Apollo Theater

106 Years Of Showtime At The Apollo, From Vaudeville To Motown In 33 Vintage Photos

Published November 30, 2019
Updated December 2, 2019
Published November 30, 2019
Updated December 2, 2019

For more than a century, Harlem's legendary Apollo Theater has launched the careers of black performers from James Brown to Michael Jackson.

Arnet Cobb And Sid Catlet On Apollo Marquee
Nat King Cole Playing The Piano
B.B. King Performing At The Apollo
Kids Playing Music At Apollo Amateur Night
106 Years Of Showtime At The Apollo, From Vaudeville To Motown In 33 Vintage Photos
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When James Brown, "The Godfather of Soul," died his body was driven to Harlem's Apollo Theater. He was touted in a white carriage pulled by two equally white horses and his body was entombed in a casket lined with white satin.

When he was propped up on the Apollo Theater's red-carpeted stage, thousands queued up to say their final goodbyes. Among those masses were A Tribe Called Quest's co-founder Phife Dawg, Kanye West, KRS-One, Dave Chapelle, Chuck D, and Grandmaster Flash.

As acknowledged by Vanity Fair, James Brown's 1962 album James Brown Live at the Apollo shot the theater's name-brand recognition into the stratosphere. Director Lee Daniels recalled every black household he knew owned a copy — "along with the Bible."

Indeed, the Apollo Theater played a colossal role for Black America throughout the 1960s and 1970s. Its '80s variety show ran for 20 years. The theater undoubtedly served as a haven and cultural space for African Americans living in a racially divided country. This year, it will turn 106.

The Birth Of The Apollo Theater

When the Apollo opened its doors in 1913, according to the theater's website, it was originally designed by George Keister. The famed architect was already renowned for his work on the Astor Theatre, Belasco Theatre, and the Bronx Opera House.

In its early days, the neo-classic venue primarily featured burlesque when producers Benjamin Hurtig and Harry Seamon secured a 30-year lease on the property in 1914. According to the BBC, it would take nearly 20 years for someone to buy and own the property.

That purchase came from theater impresario Sidney S. Cohen in 1933. From then on, the venue's identity evolved. Formerly known as Hurting and Seamon's New Burlesque Theater, the venue — which had been restricted exclusively to white patrons — fell into disrepair when New York's mayor Fiorello La Guardia banned burlesque in 1932.

Cohen, inspired by the Greek God of music, took on the lease and named the building the 125th Street Apollo Theatre.

Amateur Night At The Apollo In 1944

Herbert Gehr/The LIFE Picture Collection/Getty ImagesPerformers try to win the audience over at Amateur Night at The Apollo in 1944.

It would take another half-century for the Apollo to amass enough historical credit to garner the city and state's landmark status. The sheer amount of talent that graced the theater's stage during those decades, however, has arguably never been equaled elsewhere.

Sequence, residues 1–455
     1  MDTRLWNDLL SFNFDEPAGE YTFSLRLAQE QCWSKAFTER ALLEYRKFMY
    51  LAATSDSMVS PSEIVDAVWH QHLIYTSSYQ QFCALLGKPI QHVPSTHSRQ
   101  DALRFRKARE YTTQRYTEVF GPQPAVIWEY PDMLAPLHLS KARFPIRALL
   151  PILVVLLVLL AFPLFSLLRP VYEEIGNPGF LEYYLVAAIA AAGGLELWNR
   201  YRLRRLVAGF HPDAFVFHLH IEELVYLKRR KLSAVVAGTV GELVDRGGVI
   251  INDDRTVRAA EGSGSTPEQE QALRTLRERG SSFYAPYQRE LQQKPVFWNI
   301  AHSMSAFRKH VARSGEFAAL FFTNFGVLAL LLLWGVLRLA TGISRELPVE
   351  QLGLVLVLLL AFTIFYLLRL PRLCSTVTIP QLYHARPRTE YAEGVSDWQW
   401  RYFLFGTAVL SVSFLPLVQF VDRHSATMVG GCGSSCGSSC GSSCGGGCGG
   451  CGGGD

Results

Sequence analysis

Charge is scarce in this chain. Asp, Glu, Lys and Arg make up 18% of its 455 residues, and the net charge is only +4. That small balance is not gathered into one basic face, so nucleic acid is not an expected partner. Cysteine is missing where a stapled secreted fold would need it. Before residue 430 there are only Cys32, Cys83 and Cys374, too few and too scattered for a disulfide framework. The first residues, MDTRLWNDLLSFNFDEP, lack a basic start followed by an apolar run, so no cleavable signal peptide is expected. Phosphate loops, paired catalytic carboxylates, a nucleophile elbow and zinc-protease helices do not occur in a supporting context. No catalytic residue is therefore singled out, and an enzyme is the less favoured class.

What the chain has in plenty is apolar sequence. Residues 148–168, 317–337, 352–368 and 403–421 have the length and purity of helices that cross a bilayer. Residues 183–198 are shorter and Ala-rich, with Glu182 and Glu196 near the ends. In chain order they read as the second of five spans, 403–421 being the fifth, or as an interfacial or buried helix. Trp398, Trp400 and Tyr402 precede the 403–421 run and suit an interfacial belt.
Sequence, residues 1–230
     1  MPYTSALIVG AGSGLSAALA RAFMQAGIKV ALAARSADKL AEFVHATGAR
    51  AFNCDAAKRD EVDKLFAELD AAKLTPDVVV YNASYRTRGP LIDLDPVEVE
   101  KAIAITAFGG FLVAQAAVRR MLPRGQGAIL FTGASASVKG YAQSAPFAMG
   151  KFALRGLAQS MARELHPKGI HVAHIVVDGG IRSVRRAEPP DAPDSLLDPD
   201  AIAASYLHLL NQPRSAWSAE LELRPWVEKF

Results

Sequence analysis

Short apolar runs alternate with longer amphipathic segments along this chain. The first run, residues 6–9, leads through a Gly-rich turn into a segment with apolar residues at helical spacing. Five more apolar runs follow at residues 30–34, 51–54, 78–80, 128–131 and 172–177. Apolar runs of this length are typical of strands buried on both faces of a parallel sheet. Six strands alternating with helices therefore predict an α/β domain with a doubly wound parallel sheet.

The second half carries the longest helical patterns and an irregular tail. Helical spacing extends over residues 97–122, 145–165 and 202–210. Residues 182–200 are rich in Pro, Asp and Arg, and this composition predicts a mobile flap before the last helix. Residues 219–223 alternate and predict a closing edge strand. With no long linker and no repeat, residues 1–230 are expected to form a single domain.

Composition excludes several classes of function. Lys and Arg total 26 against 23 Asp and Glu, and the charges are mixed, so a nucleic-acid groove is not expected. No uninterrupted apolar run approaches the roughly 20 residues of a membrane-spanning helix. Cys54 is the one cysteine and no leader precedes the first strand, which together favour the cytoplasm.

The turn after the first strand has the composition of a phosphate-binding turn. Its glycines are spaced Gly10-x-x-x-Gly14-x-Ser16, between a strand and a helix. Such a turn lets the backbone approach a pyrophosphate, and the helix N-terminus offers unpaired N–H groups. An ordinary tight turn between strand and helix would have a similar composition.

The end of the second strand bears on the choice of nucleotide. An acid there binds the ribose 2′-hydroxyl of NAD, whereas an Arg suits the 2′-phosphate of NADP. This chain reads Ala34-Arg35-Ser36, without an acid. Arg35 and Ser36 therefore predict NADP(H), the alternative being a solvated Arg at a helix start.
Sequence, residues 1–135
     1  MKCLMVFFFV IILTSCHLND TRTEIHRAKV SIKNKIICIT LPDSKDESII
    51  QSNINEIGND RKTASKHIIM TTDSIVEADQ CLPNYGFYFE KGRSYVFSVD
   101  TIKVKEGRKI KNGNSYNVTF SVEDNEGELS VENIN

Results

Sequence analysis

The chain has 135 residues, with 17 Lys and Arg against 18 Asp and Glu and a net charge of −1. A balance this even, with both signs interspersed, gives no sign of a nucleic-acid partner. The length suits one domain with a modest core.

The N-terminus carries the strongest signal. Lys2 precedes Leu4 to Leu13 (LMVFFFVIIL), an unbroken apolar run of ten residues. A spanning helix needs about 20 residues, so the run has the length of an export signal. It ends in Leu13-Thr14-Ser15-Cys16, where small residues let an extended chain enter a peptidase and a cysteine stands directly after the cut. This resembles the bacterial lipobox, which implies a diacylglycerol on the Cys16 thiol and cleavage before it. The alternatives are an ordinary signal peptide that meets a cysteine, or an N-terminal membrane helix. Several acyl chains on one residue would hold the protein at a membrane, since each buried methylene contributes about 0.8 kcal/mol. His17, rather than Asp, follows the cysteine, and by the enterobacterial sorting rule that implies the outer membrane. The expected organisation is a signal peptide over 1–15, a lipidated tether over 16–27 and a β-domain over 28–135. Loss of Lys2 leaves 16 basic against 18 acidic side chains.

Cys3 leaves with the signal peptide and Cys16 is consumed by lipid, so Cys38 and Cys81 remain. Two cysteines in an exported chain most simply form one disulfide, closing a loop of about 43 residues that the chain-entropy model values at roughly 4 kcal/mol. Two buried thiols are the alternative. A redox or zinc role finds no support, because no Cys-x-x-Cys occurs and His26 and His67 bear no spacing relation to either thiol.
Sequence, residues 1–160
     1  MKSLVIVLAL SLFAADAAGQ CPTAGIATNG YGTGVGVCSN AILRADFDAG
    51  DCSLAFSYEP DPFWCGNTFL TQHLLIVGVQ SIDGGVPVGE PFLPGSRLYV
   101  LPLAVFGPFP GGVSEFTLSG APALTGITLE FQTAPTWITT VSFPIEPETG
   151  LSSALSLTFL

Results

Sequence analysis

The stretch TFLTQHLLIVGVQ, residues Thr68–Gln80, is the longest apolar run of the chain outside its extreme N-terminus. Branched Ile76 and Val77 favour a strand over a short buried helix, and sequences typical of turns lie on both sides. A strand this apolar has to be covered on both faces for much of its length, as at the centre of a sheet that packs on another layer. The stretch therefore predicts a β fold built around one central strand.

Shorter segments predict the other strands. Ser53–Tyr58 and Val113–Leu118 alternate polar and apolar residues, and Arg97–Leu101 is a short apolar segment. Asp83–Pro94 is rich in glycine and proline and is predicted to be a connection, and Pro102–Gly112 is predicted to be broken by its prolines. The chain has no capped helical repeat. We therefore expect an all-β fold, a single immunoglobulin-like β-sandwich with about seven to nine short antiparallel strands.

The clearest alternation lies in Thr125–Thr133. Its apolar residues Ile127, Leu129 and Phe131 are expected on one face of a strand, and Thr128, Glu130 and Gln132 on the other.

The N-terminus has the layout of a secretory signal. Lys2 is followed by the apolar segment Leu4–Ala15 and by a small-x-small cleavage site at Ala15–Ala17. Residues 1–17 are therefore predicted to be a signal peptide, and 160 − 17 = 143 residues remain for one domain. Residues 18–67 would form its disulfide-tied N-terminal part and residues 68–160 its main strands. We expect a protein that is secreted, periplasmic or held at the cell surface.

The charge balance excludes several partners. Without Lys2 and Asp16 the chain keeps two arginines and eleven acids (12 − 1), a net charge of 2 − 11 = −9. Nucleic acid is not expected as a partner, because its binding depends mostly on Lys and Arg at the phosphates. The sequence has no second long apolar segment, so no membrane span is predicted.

It all began with Cohen's new direction of actively including Harlem's growing African American community in the patronage and programming of the venue. He and his manager, Morris Sussman, primarily shifted from burlesque to variety revues and welcomed black people equally.

Only two years later, Frank Schiffman and Leo Brecher took over. They operated the venue until the late 1970s.

The mid-1930s saw the Harlem Renaissance, a period of explosive success in the arts for African American communities, come to a close. The period was rooted in an early iteration of the mid-20th century's Civil Rights movement and it laid fertile ground for New York's black community to carve out a bountiful creative space for itself.

This was done in large part via the Apollo.

According to Sandra L. West and historian Aberjhani's Encyclopedia Of The Harlem Renaissance, the Harlem Riot of 1935 dramatically reduced the number of white visitors to the theater and Schiffman and Brecher's business was already the only major theater to hire black people. The Apollo thus became the epicenter of arts for the black community in New York.

The 1940s And '50s On 125th

Another major riot in 1943 only further reduced the number of whites making their way to the Apollo. By this point, the theater's eclectic output ranged from stand-up comedy and tap-dancing performances to jazz and blues shows, to movie screenings and play productions.

Though some critics argued that the theater was stuck in the era of vaudeville as some performers still used blackface or were egregiously sexual onstage, the Apollo only continued to draw audiences.

This growth spurt was in part fueled by Schiffman's campaign to integrate the theater into its surrounding community. The theater thus held fundraisers for the National Association for the Advancement of Colored People (NAACP) and the National Urban League.